Certainly, these are issues that can’t be ignored.  Additionally, it wouldn’t take long to think of other challenges that could either restrict our existence or our effectiveness.  That’s why I was surprised that Dr. Mark Dever (Pastor of Capitol Hill Baptist Church in Washington, D.C.), in his book, Twelve Challenges Churches Face, put none of these issues in his book.  Indeed, the first issue he addressed was forgetfulness, which seemed like an odd place to start.  However, once I finished that chapter, I agreed, it was a wise choice.  

That chapter of the book caused me to pursue more about what the Bible says about remembering, for indeed, the Bible constantly echoes the obligation of not forgetting, consider for example:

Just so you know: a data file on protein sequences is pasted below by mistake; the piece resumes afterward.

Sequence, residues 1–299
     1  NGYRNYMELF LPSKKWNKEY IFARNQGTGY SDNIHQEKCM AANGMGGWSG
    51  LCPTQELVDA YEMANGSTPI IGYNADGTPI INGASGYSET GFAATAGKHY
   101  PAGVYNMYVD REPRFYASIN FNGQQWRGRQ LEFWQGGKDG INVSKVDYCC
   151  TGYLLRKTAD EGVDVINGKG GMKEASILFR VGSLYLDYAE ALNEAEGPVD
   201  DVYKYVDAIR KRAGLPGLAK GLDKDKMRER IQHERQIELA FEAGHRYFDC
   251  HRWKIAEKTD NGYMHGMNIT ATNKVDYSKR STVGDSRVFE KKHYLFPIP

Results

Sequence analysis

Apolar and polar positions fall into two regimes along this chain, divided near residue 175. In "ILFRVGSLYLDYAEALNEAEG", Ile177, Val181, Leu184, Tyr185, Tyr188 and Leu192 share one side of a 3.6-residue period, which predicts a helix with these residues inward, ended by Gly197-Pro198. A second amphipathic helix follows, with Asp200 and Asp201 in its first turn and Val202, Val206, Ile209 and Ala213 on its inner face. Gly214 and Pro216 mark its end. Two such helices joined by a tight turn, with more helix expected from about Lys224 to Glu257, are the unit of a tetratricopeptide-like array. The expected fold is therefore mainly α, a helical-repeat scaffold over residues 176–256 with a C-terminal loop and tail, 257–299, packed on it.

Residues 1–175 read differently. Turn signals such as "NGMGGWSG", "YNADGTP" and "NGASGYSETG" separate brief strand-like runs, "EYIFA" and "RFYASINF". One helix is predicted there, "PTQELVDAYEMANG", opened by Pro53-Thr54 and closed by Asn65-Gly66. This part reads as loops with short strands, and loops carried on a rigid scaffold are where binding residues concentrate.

·      …remember, and do all my commandments, and be holy unto your God. (Num. 15:40)

·      …remember all the ways which the Lord thy God led thee… (Deut. 8:2)

·      Beware that thou forget not the Lord thy God… (Deut. 8:11)

·      Remember his marvelous works that he has done… (I Chron. 16:12)

·      I will remember the works of the Lord: Ps. 77:11

·      And they remembered that God was their rock, and the high God their redeemer. (Ps. 78:35)

·      Bless the Lord, O my soul, and forget not all his benefits. (Ps. 103:2)

·      Remember now thy Creator in the days of thy youth… (Eccl. 12:1)

Dr. Dever focuses the priority of not forgetting the blessings and faithfulness of the Lord.  Truly, if we forget what the Lord has done for us and how faithful the Lord has been, then we set ourselves on a path of ruin.